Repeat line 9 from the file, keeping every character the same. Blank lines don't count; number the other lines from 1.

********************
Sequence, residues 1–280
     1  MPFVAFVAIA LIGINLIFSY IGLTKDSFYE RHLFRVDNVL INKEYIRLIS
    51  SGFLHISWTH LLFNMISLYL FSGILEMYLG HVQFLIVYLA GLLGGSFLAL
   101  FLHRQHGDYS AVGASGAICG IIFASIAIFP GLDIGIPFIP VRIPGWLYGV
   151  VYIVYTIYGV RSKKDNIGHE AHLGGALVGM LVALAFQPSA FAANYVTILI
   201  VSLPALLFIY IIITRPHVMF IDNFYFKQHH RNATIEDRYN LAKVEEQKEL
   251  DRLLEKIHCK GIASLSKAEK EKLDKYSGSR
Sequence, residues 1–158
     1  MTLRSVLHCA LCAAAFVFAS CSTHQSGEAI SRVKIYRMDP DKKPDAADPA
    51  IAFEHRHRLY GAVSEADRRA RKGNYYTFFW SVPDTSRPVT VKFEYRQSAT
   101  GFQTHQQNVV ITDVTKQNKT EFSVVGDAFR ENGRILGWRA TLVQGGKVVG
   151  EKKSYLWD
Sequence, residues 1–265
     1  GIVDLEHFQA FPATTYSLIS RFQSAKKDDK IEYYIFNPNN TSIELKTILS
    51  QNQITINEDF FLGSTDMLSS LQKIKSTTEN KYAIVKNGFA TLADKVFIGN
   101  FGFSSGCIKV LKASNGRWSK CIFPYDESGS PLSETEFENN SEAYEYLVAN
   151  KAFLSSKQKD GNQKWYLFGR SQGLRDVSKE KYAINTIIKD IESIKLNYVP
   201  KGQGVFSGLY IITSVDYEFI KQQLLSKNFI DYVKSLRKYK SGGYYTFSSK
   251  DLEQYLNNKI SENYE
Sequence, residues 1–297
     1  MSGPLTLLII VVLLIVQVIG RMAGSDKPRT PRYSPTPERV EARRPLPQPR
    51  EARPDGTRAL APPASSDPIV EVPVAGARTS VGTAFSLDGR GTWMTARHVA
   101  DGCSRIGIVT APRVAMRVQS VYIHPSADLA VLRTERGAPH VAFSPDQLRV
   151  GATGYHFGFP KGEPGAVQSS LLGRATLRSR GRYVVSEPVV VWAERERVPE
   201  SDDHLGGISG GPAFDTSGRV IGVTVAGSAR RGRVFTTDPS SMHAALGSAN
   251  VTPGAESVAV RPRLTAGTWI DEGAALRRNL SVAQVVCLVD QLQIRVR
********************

     1  MTLRSVLHCA LCAAAFVFAS CSTHQSGEAI SRVKIYRMDP DKKPDAADPA